Leukopenia refers to the decrease in the number of white blood cells (WBC) in blood. This may be caused due to certain medications, chemotherapy for cancer, radiation therapy for cancer, surgery, stem cell transplant, bone marrow transplant, steroids, cancer itself, some genetic conditions as well as autoimmune diseases. This is called immunosuppression as leukopenia leads to a weakened immunity.
Normal WBC counts
Leukopenia is caused due to decrease in number of WBCs, particularly neutrophils. For normal adult males the WBC counts range between 4500 and 11000 per cubic millimetre of blood. This is slightly higher in children.
Causes of Leukopenia
Leukopenia may be caused by various diseases and drugs. Some of these are outlined here:-
Bone marrow damage or suppression
This is caused due to exposure to certain chemicals or toxins, cancer chemotherapy, radiation therapy and certain drugs. These agents cause a decrease in production of all the cells of the bone marrow leading to leukopenia, anemia (low number of red blood cell production and platelets).
Bone marrow diseases
In these conditions the bone marrow does not produce sufficient WBCs or selectively produces excess of one type of WBCs leading to a lack of other types. The causes include myelodysplastic syndrome, leukemia, myeloproliferative syndrome, myelofibrosis (bone marrow replaced by fibrous tissues), vitamin B12 or folate deficiency etc.
Cancers that have spread to the bone marrow
Cancers when they have spread to the bone marrow may lead to leukopenia. This is seen in lymphomas and other cancers.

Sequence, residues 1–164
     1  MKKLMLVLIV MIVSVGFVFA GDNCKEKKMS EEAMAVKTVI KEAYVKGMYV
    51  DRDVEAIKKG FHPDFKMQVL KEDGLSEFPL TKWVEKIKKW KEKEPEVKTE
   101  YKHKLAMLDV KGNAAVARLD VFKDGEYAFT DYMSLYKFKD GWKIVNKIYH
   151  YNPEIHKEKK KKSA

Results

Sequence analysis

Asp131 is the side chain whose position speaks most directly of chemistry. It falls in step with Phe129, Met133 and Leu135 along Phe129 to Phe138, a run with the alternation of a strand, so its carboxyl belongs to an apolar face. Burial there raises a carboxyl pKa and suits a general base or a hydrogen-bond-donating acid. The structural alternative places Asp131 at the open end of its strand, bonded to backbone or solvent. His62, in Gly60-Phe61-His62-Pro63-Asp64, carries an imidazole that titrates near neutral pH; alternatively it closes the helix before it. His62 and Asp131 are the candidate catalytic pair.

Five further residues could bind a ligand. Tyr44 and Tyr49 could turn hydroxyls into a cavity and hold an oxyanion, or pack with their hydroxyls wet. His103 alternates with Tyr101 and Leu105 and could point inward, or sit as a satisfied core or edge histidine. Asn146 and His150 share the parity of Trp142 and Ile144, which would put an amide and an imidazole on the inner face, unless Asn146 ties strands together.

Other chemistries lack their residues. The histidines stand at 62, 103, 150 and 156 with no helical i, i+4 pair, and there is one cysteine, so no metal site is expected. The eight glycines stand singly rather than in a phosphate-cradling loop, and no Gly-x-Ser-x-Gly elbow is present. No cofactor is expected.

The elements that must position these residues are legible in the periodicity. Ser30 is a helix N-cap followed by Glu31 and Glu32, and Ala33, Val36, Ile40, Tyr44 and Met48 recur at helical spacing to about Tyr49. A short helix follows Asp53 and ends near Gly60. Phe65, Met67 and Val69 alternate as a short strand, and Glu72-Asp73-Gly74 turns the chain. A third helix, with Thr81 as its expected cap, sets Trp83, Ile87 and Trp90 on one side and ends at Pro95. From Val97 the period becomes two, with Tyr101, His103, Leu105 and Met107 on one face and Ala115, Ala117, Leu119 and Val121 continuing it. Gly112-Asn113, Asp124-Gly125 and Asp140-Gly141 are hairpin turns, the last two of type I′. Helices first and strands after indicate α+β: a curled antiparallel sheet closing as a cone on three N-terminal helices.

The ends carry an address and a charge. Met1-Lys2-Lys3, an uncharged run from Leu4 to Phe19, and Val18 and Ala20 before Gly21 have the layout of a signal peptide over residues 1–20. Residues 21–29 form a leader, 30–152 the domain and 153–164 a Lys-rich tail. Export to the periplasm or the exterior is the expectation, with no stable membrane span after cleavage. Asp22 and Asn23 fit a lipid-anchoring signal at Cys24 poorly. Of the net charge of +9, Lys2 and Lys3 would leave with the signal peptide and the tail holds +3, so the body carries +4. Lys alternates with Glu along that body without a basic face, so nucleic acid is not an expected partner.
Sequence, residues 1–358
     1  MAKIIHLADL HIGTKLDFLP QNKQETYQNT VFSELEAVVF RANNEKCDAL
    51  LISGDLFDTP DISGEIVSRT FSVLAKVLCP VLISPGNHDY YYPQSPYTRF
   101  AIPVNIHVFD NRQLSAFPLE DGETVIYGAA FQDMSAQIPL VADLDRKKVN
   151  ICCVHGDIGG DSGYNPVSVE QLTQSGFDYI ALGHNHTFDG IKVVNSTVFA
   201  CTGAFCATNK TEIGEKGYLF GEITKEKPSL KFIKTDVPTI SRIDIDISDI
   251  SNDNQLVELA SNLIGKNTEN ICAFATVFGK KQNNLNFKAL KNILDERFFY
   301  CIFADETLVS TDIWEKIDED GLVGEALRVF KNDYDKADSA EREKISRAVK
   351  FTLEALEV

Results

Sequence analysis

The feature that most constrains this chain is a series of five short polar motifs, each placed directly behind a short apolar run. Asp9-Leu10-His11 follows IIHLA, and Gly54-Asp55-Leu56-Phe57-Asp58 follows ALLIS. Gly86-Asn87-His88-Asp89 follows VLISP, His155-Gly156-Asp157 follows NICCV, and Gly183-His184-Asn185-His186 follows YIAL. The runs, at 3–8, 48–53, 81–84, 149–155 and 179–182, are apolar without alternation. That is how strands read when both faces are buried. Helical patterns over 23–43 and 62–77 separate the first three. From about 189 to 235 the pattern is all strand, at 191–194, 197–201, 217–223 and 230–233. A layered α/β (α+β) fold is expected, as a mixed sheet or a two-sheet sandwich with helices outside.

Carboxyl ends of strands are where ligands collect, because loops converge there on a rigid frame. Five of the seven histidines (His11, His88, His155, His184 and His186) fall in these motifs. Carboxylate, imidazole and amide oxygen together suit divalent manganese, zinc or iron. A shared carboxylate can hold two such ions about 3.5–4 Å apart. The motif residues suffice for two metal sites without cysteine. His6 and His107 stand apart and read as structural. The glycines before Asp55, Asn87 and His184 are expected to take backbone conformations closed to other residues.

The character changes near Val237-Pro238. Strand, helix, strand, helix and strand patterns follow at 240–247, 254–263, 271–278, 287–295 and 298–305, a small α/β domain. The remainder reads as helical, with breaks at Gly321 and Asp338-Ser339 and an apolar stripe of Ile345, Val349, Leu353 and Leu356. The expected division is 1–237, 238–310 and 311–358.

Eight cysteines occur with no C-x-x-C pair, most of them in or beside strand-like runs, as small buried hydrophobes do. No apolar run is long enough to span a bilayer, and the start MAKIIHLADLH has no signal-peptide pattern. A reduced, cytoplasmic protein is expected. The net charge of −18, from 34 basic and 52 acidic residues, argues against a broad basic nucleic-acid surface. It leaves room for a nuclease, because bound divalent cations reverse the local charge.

This occurs when the body fails to recognise its own cells and begins to attack them. In cases of leukopenia the body’s WBC’s are perceived as foreign and attacked. The condition is called lupus or Systemic lupus erythematosus (SLE).
Severe infections that deplete the body of WBCs may lead to leukopenia. This is called sepsis.
Diseases of the immune system
Diseases of the immune system, such as HIV, which destroy T lymphocytes
This is caused by enlargement of spleen that destroys the blood cells leading to leukopenia as well as anemia.
Other conditions like thyroid disorders (particularly over active thyroid glands), aplastic anemia, rheumatoid arthritis, parasitic infestations, vitamin deficiencies, mineral deficiencies of copper and zinc typhoid, malaria, influenza, dengue, Rickettsial infections, tuberculosis etc.
This occurs at the initial phases of the infection. The leukocytes (predominately neutrophils) are responsible for the initial reaction to an infection. After an infection these cells gather around the margins of the blood vessels (marginalized) so that they can scan for the site of infection. Thus there is increased WBC production but it appears low from a blood sample, since the blood sample is of core blood and does not include the WBCs gathered to reach the site of infection.
Drugs causing leukopenia
Some drugs may lead to leukopenia. Medications which can cause leukopenia include:
- clozapine, an antipsychotic medication
- sodium valproate and lamotrigine - antiepileptic agents
- immunosuppressive drugs, such as sirolimus, mycophenolate mofetil, tacrolimus, and cyclosporine that are used in transplant patients
- interferons used in treatment of multiple sclerosis etc.
The antidepressant and smoking addiction treatment medication called Bupropion and antibiotic Minocycline and penicillin may also cause leukopenia.
The mechanism of leukopenia caused by drugs is mainly mediated by the immune system itself. Some agents like cancer chemotherapy drugs however cause leukopenia by suppressing the bone marrow.
Reviewed by April Cashin-Garbutt, BA Hons (Cantab)